So where do we begin? How about Blade of Selves? This wonderful piece of equipment promises to do amazing things with Gonti and any of the other ETB effects we’ve packed into the deck. Making new copies of Gonti for each opponent just increases the pile of exiled cards we get to cast for the rest of the game, even if we have to sacrifice the copies of our general when they enter play. People often refer to the graveyard as a second hand of cards, so that means Gonti is giving us access to a third hand of cards. And they aren’t even our cards!

The whole list started with Gonti and Blade of Selves, and I just extrapolated from there. Panharmonicon and Strionic Resonator give us extra ETB effects for all of our creatures for that little bit of added value. Conjurer's Closet lets us flicker Gonti or another creature every turn to add to our exiled hand. Finally, Cloudstone Curio, Skull Collector, and Erratic Portal let us pick up and recast our creatures with ETB triggers and keep the value rolling. And this is just the beginning. There’s more than one way to re-buy and enters the battlefield trigger.

Sheoldred, Whispering One
That’s right! Reanimation! I’m opting for more recursive sources of reanimation than the strong one-offs like Reanimate, Animate Dead, and Exhume. Sheoldred, Whispering One seems like a Mono-Black mainstay, no matter who your Commander is, and she does an excellent job of bringing ETB triggers back from the dead. Then we have relative new comer and energetic demon, Demon of Dark Schemes. The deck has no other ways to produce energy, but there are enough ways to kill creatures that you should have no shortage of fuel for your reanimation needs. Mikaeus, the Unhallowed gives almost all of our creatures undying so they can come back for another round of ETB fun. Whip of Erebos gives us a nice stream of life to pad our life totals as well as giving our creatures one last hoorah on the way to exile. Black needs that extra life every once and while due to small life payments it makes along the way for the sake of value. Mimic Vat is underutilized in Commander, criminally so in my opinion, and it does so much for such a small investment. You can shove your own dead creatures in the vat, or take your opponents and generate value off of whatever creature they happen to lose in a tragic war of Attrition. I mean, we’re already casting their spells, might as well exploit their creatures too. Finally, we have another piece of equipment that works really well with Gonti and our other ETB creatures, Nim Deathmantle.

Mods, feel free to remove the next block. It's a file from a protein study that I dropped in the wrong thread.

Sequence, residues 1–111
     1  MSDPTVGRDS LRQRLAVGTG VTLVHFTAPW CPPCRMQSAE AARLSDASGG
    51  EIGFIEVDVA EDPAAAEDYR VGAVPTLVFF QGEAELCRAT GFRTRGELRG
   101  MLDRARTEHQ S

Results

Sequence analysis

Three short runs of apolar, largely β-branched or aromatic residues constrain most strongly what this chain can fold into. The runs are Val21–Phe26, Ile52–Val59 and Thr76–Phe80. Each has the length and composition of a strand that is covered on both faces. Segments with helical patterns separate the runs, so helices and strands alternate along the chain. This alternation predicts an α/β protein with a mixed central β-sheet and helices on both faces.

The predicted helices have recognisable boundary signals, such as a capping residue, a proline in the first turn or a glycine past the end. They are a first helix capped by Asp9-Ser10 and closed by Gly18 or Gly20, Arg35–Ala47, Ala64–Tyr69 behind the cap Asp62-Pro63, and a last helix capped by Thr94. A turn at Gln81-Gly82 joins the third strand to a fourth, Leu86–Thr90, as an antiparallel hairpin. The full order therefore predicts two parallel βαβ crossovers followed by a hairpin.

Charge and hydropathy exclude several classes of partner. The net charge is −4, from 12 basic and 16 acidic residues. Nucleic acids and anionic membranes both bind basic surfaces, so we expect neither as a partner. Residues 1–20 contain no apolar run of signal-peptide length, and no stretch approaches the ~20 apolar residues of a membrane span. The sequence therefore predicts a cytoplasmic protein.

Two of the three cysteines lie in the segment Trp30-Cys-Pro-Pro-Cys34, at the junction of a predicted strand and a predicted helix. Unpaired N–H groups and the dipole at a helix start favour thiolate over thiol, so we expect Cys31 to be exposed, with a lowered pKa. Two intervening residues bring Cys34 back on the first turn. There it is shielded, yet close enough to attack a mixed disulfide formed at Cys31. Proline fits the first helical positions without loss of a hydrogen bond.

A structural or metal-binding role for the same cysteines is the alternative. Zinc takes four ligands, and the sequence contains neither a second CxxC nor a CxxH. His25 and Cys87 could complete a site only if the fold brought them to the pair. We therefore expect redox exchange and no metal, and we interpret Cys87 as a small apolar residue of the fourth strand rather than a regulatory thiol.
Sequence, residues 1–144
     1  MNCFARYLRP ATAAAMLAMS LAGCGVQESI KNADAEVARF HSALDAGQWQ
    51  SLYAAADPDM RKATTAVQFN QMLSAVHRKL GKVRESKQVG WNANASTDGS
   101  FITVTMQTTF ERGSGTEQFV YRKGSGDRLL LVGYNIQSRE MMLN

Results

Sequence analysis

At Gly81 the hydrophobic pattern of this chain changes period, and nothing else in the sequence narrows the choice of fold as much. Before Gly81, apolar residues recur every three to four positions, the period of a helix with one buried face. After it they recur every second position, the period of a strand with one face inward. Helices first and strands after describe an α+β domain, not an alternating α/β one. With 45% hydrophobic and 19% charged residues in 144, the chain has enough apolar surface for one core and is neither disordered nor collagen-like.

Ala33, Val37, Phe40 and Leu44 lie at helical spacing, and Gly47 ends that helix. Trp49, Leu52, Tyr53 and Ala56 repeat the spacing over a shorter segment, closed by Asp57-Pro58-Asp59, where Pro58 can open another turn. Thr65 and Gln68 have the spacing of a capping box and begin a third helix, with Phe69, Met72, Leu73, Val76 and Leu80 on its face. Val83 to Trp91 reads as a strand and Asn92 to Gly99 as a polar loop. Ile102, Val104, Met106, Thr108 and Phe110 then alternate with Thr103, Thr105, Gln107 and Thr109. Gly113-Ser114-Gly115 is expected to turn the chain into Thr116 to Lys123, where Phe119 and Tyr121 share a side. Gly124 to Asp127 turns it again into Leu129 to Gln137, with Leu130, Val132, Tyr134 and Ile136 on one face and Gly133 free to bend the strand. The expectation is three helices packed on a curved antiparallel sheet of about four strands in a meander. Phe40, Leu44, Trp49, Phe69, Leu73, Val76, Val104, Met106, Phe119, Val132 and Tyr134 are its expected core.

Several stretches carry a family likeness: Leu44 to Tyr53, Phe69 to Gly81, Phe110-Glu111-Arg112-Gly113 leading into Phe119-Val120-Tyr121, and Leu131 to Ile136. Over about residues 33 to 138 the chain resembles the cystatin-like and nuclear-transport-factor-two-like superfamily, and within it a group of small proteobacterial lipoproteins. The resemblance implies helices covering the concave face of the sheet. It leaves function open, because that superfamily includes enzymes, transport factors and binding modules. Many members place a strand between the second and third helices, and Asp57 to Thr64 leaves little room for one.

Cabal Coffers
But some of these methods of reanimation can be really expensive, especially Rise of the Dark Realms, so I needed a way to produce huge amounts of mana. Luckily, Black has no shortage of ways to do just that. Cabal Coffers/Urborg, Tomb of Yawgmoth is a classic combination for Black decks in Commander. Substitute Magus of the Coffers for a duplicate affect and we’re off to a good start. Add in some Black mana doublers like Crypt Ghast and Nirkana Revenant and we have a good base going. Throw in Caged Sun, a Mono-color staple by all acounts, and Extraplanar Lens and we’ll have more mana than we could possibly ever want. You know what, let’s toss in Liliana of the Dark Realms for good measure. She sits around providing a steady stream of Swamps so you never miss a land drop. If you manage to get her ultimate, that’s just icing on the cake (gross, swampy icing). I considered throwing Exsanguinate in the deck just to have good outlet for that mana, but I realized I don’t like winning by playing Exsanguinate and would much rather use that mana to cast all of the cards I exiled with Gonti. We top off our acceleration with Sol Ring, Charcoal Diamond, Worn Powerstone, Ashnod's Altar, Mind Stone, Jet Medallion, and Burnished Hart. Quite the collection of mana rocks.

Grave Titan